Spoofable and Unspoofable: Two Corporate Social Media Realities

Tom Liacas —  July 18, 2012 — 6 Comments

Two very recent expressions of corporate social media presence have caught my attention because they push the envelope of brand interactivity. I see these two as a sign of things to come, offering caution and promise for productive human-corporate exchanges in the future.

The Spoofable: The Yes Men’s Shell Arctic Ready

Very clever hoax website crafted by the Yes Men, a group of pranksters with a long history of subverting corporate culture and global politics in elaborate and painstakingly-crafted ways. The false premise is that Shell opened up an online invitation to the public to create custom slogans to add to its Arctic images to promote its northern oil and gas exploration projects. The published slogans make it look like opponents overran the site and turned it against the company. Why does it work so well? Because we have seen other corporations open the doors to social interaction and fail miserably. Because we want to see an energy giant slip on such a banana peel. What could Shell have done to prevent this? Establish proactive and aggressive social media presence that would answer tough questions before they were even asked and then be less of a static target for this kind of thing. For the record, Shell had innovated in establishing a line of honest communication between itself and NGOs through the Shell Dialogues. Unfortunately for them, I think this stayed too much under the radar when it should have been spread far and wide.

The Unspoofable: McDonald’s Yourquestions Site

Who’s doing social media right? Answer: McDonald’s Canada is! After all, what other fast food brand out there lets questions like “Is there an anti-vomit in the mcdonald food?” float prominently on its site and then proceed to answer them in detail. Honestly, I am bummed not to have been involved in this exemplary display of digital transparency! What could a critic do to spoof this? Not much. Even their most vicious and sarcastic questions will be published and addressed… Transparency and humility are disarming. That is the last thing we expect from a corporation and, when it is practiced, a lot of the heat goes out of attacks. After all, if corporations started listening and addressing public concerns actively, where would the problem be?

Tom Liacas

Tom Liacas

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An M.A. graduate in Media Studies, Tom Liacas is an experienced Social Network Strategist who first cut his teeth creating and managing advocacy campaigns as an activist.
  • Albert

    I was interested about the McDonald’s site, which is very savvy indeed (and “unspoofable”, yes). I feel that as a consumer/citizen, though, I would prefer this to be on some sort of “neutral” platform like twitter or facebook. The fact that it is on their own website makes it feel as though they are controlling the process and can turn it off at any time (I’m not sure a corporation would participate in this type of exercise if the process were controlled by “activists”). Judging by the participation, though, perhaps that it is not a widely-felt concern.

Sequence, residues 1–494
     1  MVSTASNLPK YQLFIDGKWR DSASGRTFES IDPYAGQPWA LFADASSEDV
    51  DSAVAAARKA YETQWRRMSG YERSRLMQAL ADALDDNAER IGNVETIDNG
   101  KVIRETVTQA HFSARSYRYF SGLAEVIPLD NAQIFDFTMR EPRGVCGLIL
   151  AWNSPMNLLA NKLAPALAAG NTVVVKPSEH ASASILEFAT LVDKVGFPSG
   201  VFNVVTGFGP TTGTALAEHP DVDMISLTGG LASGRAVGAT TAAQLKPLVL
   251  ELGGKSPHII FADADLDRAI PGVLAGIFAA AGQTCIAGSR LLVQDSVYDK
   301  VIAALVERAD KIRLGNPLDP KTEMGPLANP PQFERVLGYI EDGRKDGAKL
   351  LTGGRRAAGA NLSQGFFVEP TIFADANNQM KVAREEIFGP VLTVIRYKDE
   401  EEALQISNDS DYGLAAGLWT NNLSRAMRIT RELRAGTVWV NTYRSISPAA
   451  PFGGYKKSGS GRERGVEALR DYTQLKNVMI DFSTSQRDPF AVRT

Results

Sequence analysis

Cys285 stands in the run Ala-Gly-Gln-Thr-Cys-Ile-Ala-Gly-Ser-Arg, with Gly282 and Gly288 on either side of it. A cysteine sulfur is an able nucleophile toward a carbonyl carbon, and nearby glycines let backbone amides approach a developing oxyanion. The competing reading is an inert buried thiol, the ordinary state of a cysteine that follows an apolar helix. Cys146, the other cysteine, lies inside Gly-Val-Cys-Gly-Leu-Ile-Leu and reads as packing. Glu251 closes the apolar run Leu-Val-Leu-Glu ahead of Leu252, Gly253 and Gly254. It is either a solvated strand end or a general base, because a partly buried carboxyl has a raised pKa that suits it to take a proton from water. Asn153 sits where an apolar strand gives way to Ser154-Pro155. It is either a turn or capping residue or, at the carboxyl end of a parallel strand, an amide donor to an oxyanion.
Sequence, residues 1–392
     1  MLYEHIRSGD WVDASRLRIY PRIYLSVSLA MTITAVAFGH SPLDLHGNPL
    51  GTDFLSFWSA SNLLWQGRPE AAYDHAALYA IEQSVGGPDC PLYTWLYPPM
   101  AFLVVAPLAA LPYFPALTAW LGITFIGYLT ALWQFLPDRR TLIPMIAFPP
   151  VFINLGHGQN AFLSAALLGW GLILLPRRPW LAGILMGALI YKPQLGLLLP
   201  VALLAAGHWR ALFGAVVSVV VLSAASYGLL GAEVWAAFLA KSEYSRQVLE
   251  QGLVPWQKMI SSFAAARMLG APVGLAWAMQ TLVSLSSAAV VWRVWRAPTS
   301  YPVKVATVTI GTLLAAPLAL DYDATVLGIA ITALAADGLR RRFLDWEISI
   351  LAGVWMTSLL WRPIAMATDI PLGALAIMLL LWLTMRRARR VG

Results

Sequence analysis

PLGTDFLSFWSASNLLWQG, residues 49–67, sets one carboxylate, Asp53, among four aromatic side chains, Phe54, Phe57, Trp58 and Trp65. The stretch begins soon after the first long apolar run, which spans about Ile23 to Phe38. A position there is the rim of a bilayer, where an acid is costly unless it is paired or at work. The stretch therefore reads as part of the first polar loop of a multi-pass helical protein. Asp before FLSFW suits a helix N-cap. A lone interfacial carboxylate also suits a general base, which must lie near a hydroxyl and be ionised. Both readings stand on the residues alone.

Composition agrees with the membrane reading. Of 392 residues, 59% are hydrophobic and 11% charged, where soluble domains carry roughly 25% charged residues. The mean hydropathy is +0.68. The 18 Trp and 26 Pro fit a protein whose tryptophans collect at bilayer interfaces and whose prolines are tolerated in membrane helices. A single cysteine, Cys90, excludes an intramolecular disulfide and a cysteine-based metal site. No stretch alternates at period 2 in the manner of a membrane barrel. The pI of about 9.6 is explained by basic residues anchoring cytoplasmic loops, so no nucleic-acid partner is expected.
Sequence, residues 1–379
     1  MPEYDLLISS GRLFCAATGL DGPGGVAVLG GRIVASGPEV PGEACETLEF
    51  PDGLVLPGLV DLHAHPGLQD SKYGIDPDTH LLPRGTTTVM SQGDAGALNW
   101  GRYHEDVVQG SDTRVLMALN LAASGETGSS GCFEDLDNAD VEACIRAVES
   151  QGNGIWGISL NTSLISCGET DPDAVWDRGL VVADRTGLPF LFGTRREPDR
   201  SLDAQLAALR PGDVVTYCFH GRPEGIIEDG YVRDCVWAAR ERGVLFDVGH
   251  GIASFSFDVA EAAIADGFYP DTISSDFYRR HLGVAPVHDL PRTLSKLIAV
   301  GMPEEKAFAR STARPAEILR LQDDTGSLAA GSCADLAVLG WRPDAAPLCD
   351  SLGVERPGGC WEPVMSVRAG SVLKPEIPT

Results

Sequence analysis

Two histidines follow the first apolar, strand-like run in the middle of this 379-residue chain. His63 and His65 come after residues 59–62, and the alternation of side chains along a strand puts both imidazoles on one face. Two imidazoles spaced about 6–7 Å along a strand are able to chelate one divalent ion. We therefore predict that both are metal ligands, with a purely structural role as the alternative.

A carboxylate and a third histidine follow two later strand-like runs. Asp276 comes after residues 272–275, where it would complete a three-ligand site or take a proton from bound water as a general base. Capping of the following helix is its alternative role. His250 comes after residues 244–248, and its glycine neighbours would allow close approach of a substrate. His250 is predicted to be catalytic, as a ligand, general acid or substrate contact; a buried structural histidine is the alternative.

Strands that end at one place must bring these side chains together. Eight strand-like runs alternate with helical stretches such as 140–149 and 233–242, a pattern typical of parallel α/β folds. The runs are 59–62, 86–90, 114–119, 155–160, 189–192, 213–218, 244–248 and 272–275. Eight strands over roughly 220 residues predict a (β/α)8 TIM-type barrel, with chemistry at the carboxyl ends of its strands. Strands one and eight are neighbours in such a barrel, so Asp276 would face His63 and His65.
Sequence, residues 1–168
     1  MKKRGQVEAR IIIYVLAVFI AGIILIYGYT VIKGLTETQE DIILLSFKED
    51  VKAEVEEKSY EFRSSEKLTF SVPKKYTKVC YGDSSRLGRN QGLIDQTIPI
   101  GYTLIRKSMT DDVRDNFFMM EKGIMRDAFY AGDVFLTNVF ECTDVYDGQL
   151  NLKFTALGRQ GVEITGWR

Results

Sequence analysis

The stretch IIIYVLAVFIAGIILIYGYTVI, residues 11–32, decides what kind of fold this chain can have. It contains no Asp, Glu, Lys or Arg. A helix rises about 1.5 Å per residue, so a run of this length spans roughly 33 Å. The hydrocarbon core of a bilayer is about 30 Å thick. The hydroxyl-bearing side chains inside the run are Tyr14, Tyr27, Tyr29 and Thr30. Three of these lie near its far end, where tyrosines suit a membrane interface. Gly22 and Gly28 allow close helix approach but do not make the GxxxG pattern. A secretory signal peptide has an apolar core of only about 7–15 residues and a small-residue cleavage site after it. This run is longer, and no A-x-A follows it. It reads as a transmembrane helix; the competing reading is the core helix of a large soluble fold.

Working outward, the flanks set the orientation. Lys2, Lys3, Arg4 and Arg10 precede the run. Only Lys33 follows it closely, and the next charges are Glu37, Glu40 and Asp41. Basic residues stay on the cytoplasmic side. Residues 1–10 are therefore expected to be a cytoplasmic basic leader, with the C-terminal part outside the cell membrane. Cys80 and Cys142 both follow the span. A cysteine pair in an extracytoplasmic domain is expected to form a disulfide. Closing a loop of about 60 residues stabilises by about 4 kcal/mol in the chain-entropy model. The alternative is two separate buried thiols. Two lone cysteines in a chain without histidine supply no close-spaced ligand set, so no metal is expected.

•  Hey Albert, thanks for your comment! Ultimately, you’re right, a third party platform for exchanges between a corporation and its public would be the most transparent and level playing field. Unfortunately, McDonald’s is just coming out of a public roasting on Twitter after the launched #McDStories (more here: http://www.huffingtonpost.co.uk/2012/01/24/mcdonalds-mcdstories-twitter-campaign-fails-_n_1226811.html) so I imagine it will be some time before they march back out into the open playground!

      • I don’t know, any business that lets a comment about “anti-vomit” show up that prominently probably isn’t hiding anything. I don’t see any reason here not to trust it, but have to wonder if this kind of publicity is helpful to them. Do I respect the brand more for it? Sure. Does it contribute to public perception that there is something wrong with you if you eat at McDonald’s? Also yes.

        • I appreciate your sentiment. But think about McDonald’s. We all grew up eating this stuff and how many times did we hear a rumor about what went into it? Nothing asked on the page is not something we have all mulled over before in private. This brand has every advantage to take these myths head on and put them to rest. I believe in doing this, they are converting ex consumers back to active. I refuse to comment on the date of my last Big Mac purchase, however 😉

          • Ha! Sometimes only the “special sauce” will do. I see your point, and it’s not as if they are hurting despite all the silly stories and urban legends.

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